Art. III. Historical and Critical Remarks on the Nine Books of the

History of Herodotus ; with a Chronological Table. Translated from the French of P. H. Larcher. 2 vols. 8vo. pp. 1219. Price 1l. 8s.

London. 1829.* THE History of Herodotus is an account of the travels and

researches of an intelligent and curious voyageur, who had travelled through Greece, Italy, and Egypt, an I visited many other portions of the world, as known in the geography of the ancients. In the books into which his classic work is distributed, bearing the names of the Muses, he has recorded his observations on the countries which he saw, and the customs which he found existing in them; and has accumulated an extensive collection of historical facts and traditions, which form no inconsiderable part of our knowledge of the people who flourished in the times of antiquity down to his own age. He has indeed been represented as a retailer of fables, and the '' Græcia mendax' of the satirist has been applied to his details and reports; but the honesty and simplicity of the Historian are less likely to be questioned, in proportion as the means of passing a true judgement on his character become multiplied. He has told us explicitly enough on some occasions, that he did not believe the truth of the relations which he had received; and on others, he has left us to infer his distrust of his informer. He has very faithfully described whatever he had personally observed in the countries through which he had passed; and the manner in which he has recorded the traditionary knowledge obtained by his inquiries, is a very available evidence of his diligence and accuracy. Modern discoveries have clearly established, that Herodotus had knowledge of facts totally unknown to later writers; and the result of the superior information which we now possess, has been the clearing of his reputation from suspicions and charges by which it bad long been obscured. That he was, in too many instances, credulous and under the influence of superstition, is not to be questioned; and so was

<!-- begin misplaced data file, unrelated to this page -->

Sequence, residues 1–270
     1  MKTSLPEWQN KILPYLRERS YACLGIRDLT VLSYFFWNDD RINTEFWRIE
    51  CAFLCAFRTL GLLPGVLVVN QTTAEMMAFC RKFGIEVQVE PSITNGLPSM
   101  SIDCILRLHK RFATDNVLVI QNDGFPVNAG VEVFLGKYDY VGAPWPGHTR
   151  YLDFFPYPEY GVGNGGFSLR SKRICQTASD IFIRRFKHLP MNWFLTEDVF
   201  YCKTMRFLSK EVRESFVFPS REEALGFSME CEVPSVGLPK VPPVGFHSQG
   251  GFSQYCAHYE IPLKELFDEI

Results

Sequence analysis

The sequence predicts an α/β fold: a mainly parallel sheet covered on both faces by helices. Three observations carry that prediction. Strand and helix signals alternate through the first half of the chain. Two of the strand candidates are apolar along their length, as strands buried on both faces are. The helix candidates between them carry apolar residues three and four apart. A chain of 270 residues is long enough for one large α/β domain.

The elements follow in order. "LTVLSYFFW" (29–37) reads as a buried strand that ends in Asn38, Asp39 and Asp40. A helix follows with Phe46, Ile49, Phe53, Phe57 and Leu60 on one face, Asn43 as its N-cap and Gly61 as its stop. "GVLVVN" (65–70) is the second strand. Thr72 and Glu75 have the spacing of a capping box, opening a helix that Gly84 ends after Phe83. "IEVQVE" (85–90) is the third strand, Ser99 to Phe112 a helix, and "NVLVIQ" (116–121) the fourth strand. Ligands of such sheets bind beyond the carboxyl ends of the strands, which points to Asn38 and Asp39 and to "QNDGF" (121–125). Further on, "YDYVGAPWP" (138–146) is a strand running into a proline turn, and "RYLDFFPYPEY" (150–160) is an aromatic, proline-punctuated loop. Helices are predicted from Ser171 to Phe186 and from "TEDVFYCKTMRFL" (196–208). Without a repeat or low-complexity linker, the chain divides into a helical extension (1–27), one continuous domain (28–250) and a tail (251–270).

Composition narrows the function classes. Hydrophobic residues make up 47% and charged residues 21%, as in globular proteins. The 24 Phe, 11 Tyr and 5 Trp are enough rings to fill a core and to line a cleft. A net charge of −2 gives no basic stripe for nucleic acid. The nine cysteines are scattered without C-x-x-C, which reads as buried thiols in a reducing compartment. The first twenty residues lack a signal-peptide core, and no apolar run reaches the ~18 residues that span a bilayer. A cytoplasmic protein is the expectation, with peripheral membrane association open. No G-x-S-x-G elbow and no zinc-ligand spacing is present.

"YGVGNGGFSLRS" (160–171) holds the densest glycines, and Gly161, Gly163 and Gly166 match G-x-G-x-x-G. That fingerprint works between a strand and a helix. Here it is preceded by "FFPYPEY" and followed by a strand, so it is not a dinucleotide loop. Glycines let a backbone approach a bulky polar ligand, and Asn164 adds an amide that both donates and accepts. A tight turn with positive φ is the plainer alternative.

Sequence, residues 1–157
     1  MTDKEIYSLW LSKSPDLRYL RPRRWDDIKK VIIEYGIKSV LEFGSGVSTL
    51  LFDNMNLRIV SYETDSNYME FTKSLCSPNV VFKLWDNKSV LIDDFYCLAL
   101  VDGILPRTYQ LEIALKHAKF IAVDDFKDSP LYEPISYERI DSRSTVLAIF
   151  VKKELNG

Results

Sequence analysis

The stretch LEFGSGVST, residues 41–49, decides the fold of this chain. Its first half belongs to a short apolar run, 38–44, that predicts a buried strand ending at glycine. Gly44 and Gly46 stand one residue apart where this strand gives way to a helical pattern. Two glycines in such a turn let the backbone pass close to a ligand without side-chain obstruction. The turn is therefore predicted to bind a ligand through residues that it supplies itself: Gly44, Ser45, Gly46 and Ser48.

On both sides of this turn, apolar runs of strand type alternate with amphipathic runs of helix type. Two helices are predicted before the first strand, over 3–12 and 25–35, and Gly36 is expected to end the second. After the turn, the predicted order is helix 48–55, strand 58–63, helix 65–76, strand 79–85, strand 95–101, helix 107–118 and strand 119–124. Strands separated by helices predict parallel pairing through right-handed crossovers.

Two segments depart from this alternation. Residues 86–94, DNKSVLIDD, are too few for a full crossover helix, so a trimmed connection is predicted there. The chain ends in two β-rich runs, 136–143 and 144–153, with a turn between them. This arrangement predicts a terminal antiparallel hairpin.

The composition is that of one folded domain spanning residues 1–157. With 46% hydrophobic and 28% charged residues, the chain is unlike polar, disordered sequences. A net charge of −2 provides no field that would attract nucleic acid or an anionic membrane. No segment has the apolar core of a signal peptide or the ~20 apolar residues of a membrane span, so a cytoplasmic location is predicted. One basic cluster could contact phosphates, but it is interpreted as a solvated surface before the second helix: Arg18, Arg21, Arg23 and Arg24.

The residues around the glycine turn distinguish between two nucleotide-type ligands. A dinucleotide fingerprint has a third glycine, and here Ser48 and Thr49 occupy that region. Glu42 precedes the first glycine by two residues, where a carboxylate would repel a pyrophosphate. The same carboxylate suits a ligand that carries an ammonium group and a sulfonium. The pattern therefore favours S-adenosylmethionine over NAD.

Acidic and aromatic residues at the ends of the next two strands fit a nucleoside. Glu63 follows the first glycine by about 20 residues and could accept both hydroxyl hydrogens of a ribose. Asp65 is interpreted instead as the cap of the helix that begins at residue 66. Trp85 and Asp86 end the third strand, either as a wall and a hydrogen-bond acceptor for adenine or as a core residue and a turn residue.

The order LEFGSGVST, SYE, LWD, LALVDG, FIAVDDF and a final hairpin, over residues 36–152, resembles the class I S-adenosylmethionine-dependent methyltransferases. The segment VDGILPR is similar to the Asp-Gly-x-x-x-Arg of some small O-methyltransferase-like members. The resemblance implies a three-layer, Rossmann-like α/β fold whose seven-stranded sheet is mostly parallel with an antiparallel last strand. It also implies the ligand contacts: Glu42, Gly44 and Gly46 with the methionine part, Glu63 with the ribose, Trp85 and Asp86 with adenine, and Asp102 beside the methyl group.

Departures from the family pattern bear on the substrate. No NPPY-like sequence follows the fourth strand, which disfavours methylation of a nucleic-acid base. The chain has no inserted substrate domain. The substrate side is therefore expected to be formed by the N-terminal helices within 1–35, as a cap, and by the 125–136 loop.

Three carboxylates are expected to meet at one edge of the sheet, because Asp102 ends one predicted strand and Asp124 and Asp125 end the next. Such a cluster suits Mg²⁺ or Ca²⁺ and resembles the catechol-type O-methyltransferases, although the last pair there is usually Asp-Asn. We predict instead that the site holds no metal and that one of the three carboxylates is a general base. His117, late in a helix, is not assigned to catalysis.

* Accidental circumstances have placed in juxta-position this and the preceding article, by different contributors: our readers will not, perhaps, be displeased at the undesigned coincidence of sentiment. Ed.

Xenophon, whose fidelity every one allows. His collections have transmitted to us the transactions of very early times and of very celebrated individuals; and they enable us to correct, in many cases, the representations of less credible relators. In this country, although the recent impressions of the History have been numerous and at short intervals, little has been done by English scholars to enhance its literary value. The French Version and Notes of Larcher have long been known to classical students, and have maintained a reputation of the highest order; but his work has hitherto been much less accessible than could be wished. This inconvenience, so far as regards the notes, is remedied by the publication before us; while his Version is superseded by the English translation of Mr. Taylor.